How to properly plan your production and post
When planning the technical ins and outs of your film production and post workflow its important to actually have a plan for the whole process before you being. If you just dive in and make it up as you go along you are sure to encounter, at best, a few technical hitches along the way, slowing you down and costing you time and money, or at worst outright catastrophic disaster.
How to plan your workflow
A while back Studio Daily posted a couple of really helpful articles from Nathan Adams of Cinematomic, an LA based ‘creative solutions’ company who have worked on films like The Social Network and TV shows like House of Cards.
If you’re using a new camera, switching to a new editing platform or changing your workflow, you’d better know everything about that element of your production. On a recent pilot for a reality show we had a combination of 28 cameras that we had to manage. Weeks before the production, the DIT and I used a stopwatch to time the media transfers so we knew exactly how many seconds it took to ingest media from each camera. Based on those calculations, we knew we needed 8 laptops ingesting material the whole time. We were also able to calculate the right amount of RAID storage to have on set (shuttling hard drives wasn’t an option), and we knew we needed two LTO-4 tape drives on set archiving the media every 30 minutes. In the end, he walked away from the location with the raw camera media written to two hard drives and LTO-4 tapes. The RAID went straight into editorial with footage logged, transferred, binned and circle takes already marked.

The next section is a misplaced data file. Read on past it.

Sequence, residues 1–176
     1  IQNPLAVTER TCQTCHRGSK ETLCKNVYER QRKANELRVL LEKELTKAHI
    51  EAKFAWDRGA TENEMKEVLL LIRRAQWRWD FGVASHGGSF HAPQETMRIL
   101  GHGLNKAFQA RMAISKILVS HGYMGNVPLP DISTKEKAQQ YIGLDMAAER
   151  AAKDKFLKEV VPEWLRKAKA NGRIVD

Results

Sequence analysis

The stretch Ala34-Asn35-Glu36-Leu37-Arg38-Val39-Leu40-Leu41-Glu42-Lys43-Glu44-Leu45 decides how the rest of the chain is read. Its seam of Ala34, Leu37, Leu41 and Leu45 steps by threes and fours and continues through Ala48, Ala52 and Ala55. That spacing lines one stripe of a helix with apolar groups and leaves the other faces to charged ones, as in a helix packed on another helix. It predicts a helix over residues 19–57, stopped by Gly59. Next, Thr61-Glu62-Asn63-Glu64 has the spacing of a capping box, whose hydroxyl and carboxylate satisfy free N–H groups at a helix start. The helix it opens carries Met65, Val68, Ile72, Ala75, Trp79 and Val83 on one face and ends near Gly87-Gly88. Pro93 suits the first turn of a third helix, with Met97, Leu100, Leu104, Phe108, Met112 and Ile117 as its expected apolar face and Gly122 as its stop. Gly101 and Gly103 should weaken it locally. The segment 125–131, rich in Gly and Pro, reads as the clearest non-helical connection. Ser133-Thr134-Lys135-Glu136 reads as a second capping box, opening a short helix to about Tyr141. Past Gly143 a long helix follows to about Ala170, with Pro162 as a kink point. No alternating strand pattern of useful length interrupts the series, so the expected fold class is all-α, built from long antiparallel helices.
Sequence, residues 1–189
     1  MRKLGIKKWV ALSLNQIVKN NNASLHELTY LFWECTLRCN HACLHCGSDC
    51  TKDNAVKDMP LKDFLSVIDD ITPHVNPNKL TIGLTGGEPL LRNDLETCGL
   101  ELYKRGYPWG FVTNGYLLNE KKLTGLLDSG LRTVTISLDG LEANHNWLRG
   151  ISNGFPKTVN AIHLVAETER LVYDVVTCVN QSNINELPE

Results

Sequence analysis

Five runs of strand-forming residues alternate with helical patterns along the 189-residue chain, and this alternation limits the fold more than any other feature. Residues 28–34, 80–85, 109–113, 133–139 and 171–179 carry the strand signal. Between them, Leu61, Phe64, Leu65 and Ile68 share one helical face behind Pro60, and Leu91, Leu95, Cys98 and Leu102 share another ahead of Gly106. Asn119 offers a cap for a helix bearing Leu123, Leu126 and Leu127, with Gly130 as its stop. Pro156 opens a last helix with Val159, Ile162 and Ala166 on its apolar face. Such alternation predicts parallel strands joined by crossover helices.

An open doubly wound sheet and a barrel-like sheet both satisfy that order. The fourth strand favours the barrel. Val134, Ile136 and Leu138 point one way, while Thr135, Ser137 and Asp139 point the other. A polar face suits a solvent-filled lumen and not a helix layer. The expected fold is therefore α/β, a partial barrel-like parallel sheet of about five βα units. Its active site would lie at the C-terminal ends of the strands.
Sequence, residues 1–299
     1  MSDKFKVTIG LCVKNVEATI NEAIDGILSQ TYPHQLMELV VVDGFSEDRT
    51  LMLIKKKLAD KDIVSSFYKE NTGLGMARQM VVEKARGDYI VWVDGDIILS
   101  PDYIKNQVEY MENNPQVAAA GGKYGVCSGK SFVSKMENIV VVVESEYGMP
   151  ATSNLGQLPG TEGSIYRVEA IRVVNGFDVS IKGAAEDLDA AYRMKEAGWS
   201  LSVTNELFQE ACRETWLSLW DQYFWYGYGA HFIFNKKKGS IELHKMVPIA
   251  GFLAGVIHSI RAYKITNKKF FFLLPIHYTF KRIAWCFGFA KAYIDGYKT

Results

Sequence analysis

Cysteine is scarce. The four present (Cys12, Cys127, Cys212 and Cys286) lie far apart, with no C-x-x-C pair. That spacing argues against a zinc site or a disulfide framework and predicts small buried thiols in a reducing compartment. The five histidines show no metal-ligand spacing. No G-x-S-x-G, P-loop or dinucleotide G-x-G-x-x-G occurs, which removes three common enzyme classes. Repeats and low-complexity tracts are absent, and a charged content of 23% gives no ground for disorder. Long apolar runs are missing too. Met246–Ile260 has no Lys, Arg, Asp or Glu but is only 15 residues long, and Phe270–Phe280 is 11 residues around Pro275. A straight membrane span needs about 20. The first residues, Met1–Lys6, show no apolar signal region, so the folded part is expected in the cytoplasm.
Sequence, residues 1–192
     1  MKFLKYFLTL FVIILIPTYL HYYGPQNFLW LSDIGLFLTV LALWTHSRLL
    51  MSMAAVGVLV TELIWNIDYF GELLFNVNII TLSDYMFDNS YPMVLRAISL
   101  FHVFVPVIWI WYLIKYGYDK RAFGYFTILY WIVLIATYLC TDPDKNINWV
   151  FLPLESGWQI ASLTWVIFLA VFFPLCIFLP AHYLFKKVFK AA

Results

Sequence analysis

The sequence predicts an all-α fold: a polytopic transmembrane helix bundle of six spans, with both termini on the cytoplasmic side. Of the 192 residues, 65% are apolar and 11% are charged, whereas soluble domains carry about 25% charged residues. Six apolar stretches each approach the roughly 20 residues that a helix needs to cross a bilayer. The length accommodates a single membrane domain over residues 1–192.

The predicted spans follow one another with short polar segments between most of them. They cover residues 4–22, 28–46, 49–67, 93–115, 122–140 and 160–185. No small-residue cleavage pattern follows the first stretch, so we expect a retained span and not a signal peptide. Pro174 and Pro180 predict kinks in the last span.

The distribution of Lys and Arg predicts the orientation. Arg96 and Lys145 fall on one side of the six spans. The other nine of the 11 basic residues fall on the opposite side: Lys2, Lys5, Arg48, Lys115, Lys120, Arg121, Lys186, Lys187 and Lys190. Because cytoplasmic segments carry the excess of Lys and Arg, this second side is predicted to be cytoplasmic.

Check out Nathan’s Top 5 ways to avoid catastrophe in production and post and also 10 questions with Nathan from the edit forum to get some great advice for planning your workflow.
Free Film Production Template
So much of getting off on the right foot with your production and post is clarifying the brief at the very beginning. This sounds pretty simple but almost every unforeseen creative problem that crops up later had its start in a bad brief.
I had previously put together this free briefing document in a previous post, so feel free to download it and amend it for your own productions.
Tapeless Workflow – Doing All The Right Things
Check out this previous post for two great video tutorials on how to do tapeless workflow the right way, from copying the cards and preparing the edit to long term storage plans.
If a producer or someone else is copying camera cards or transcoding material for you before an edit, always check in with them that they know what they’re doing and will provide you with the correct files in the correct way. For a simple tutorial on copying and transcoding, check out this post I wrote over on Premium Beat.
Staying Organised in your Edit
Staying organised in your edit starts with the folder structure that will tidy aware all your files and flows down to having some logical file naming conventions. Having lots of 0001.mov or Final Export_Final_Final_v3.mov files isn’t very helpful.
Here is a free zip file of the simple folder structure that I use for most projects. Its currently FCP7 centric but you could easily rename folder 3 to something else!
For a much more complex/thorough folder structure check out this tutorial and download from Chris Fenwick. Jump through to his site for the download and a detailed rationale for each folder. Great lessons for (un)tidy editors.
Digital Rebellion also have the very handy free app called Post Haste which will create a custom structure at the click of a button. Timesaving magic!
For file naming thoughts check out this post by Danny Greer on Premium Beat for a few good tips on what you might want to consider when deciding on a convention and lastly check out this post from Audio Micro on creating a similarly organised bin structure inside your NLE, which in this case is Premiere Pro.